- Case report
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Small bowel gastrointestinal stromal tumours and ampullary cancer in Type 1 neurofibromatosis
World Journal of Surgical Oncologyvolume 2, Article number: 1 (2004)
Type 1 neurofibromatosis (NF-1) is an autosomal dominant disorder with variable penetrance; approximately 50% of cases present as new mutations
We report a case of a 56 year-old man with Von Recklinghausen's disease, carcinoma of the ampulla of Vater and incidental benign gastrointestinal stromal tumours of the jejunum.
Coexistence between ampullary carcinoid, ectopic pancreatic tissue in the jejunum and neurofibroma of the jejunum in NF-1 has been previously described however; the association of synchronous carcinoma of the ampulla of Vater and gastrointestinal stromal tumour of the jejunum in NF-1 has not been previously reported.
Type 1 neurofibromatosis (NF-1) is an autosomal dominant disorder with variable penetrance; approximately 50% of the cases present as new mutations. The major diagnostic criterion includes multiple cutaneous neurofibromas, axillary or inguinal freckling, café au lait spots, Lisch nodules (pigmented iris hamartomas) and a first-degree family history of NF-1 . The gene for NF-1 has been identified on chromosome 17. NF-1 gene encodes a GTPase activating protein that has the potential to regulate the activity of the p21 product of the ras oncogene and the gene has been suggested to play an important role in controlling cell proliferation and differentiation in a wide range of tissues . Gastrointestinal tract lesions are not uncommon in NF-1, and typically vary from gut neural tissue hyperplasia to gastrointestinal stromal and endocrine cell tumours; there are only rare reports of a miscellaneous group of other malignant neoplasms . Gastrointestinal stromal tumours (GIST) have been histologically identified as neurofibromas, leiomyomas, leiomyosarcomas, schwannomas, autonomic nerve tumours (GANT) and stromal tumours without any definite nerve or muscular differentiation, which have been hypothesised as originating from interstitial cells of Cajal (ICC) [3–6]. Gastrointestinal lesions associated with NF-1, although usually asymptomatic, may present as abdominal pain, dyspepsia, vomiting, anaemia, melaena, haematemesis, haematochezia, intussusception, volvulus, small bowel obstruction, fever and abdominal mass. The case reported by Karatzas et al.,  mentions the coexistence between ampullary carcinoid, ectopic pancreatic tissue in the jejunum and neurofibroma of the jejunum in NF-1. The association of synchronous carcinoma of the ampulla of Vater and gastrointestinal stromal tumour of the jejunum in NF-1 has not been previously described.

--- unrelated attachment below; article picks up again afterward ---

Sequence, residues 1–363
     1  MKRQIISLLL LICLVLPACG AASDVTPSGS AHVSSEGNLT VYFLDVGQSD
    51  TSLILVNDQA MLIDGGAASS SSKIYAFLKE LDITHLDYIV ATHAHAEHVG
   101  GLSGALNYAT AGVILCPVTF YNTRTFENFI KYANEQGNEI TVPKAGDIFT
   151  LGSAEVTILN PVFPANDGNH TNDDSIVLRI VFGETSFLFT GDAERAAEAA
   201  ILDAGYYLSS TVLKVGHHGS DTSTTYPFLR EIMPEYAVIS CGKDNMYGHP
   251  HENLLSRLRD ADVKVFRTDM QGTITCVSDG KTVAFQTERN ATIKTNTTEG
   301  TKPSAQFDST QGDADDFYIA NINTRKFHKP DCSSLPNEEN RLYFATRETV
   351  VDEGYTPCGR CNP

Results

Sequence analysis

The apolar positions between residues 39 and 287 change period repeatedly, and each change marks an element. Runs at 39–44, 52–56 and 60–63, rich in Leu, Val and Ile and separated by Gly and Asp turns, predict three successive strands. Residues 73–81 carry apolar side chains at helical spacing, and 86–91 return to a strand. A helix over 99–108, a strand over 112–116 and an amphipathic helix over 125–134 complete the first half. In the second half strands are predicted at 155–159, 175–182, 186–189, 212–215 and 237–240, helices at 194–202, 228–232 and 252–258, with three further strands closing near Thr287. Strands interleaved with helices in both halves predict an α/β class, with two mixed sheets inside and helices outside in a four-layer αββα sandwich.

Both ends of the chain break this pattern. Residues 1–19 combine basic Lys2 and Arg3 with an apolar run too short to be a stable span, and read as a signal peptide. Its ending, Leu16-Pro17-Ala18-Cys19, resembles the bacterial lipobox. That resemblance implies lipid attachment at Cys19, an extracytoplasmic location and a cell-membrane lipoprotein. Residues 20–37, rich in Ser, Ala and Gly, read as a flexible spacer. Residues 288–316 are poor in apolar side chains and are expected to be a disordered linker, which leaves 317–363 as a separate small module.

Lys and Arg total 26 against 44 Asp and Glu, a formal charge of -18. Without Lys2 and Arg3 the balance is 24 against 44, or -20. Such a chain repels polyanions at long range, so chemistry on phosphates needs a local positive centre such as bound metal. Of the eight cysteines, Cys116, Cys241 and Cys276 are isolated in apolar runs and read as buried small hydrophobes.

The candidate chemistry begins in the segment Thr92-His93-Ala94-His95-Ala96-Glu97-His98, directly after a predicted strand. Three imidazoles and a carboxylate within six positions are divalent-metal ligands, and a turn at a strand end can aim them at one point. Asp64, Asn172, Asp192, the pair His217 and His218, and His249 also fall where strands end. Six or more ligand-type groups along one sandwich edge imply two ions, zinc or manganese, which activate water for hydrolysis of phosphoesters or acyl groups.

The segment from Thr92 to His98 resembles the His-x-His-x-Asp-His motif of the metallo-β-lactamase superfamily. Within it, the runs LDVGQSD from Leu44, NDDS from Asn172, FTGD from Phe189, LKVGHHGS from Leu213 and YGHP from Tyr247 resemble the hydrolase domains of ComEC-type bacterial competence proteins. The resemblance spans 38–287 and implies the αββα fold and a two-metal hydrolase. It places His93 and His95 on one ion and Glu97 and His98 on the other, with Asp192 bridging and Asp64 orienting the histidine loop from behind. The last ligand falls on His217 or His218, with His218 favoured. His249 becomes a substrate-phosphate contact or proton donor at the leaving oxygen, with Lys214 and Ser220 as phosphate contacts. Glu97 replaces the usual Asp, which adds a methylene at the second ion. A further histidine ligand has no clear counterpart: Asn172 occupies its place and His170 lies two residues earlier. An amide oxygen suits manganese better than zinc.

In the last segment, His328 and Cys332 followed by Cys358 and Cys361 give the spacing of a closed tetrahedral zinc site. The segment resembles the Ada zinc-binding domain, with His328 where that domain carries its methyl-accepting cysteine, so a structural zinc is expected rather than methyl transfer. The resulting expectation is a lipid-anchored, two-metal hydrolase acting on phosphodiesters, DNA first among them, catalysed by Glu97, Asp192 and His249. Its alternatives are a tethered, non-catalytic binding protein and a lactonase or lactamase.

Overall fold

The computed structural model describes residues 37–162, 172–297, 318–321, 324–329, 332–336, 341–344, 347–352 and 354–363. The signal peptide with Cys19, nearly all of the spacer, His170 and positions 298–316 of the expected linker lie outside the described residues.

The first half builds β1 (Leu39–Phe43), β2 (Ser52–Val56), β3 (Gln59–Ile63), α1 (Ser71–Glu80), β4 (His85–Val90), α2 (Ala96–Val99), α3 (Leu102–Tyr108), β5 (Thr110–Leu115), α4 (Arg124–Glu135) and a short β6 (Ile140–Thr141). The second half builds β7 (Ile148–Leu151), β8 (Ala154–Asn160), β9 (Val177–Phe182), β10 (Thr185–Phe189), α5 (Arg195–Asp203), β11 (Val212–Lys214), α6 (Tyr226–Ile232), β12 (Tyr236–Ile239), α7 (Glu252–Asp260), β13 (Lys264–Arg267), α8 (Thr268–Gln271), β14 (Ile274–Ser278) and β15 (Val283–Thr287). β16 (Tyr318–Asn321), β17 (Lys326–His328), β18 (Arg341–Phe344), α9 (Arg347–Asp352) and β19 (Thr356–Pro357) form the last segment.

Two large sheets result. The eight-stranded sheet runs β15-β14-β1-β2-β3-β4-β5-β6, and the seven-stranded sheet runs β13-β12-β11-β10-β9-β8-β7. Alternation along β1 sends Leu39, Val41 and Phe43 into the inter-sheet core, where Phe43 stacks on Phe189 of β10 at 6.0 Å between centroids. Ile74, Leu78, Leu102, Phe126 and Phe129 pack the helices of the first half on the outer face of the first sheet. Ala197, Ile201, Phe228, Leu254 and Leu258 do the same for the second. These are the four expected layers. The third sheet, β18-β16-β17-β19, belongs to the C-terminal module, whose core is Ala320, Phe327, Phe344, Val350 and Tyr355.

A 56-year-old man presented with history of obstructive jaundice. ERCP done two months earlier at the referring hospital showed a distal bile duct stricture that was stented. Jaundice had initially improved but recurred due to stent occlusion. Skin examination was remarkable for diffuse cutaneous neurofibromas and café au lait spots. CT scan showed a mass lesion in pancreatic head with no evidence of metastatic disease elsewhere. There was no histological/cytological diagnosis before the operation. With a provisional diagnosis of carcinoma head of the pancreas patient underwent laparotomy. At laparotomy, several nodules were seen on the serosal surface of the small bowel of which three yellowish serosal nodules from the jejunum were excised. A pylorus-preserving proximal pancreatic-duodenectomy was performed. Pathological examination of the resected pancreas showed a 33 mm, moderately differentiated invasive adenocarcinoma (Figure 1), arising from a severely dysplastic villous adenoma of the ampulla. Two intra-pancreatic lymph nodes showed metastatic carcinoma with extranodal spread (pT4N1bM0). The three small bowel serosal nodules were less than 5 mm in size and had similar appearances. Microscopically the lesions were composed of bland spindle cells arranged in a storiform pattern set within muscle wall (Figure 2a). No necrosis, mitotic figures or pleomorphism was seen. Tumour cells were positive for CD117 (Figure 2b) and CD34 (Figure 2d) but were negative for S100 protein (Figure 2c), neurofilament, synaptophysin, desmin, smooth muscle actin and calponin. These features were of benign gastrointestinal stromal tumours.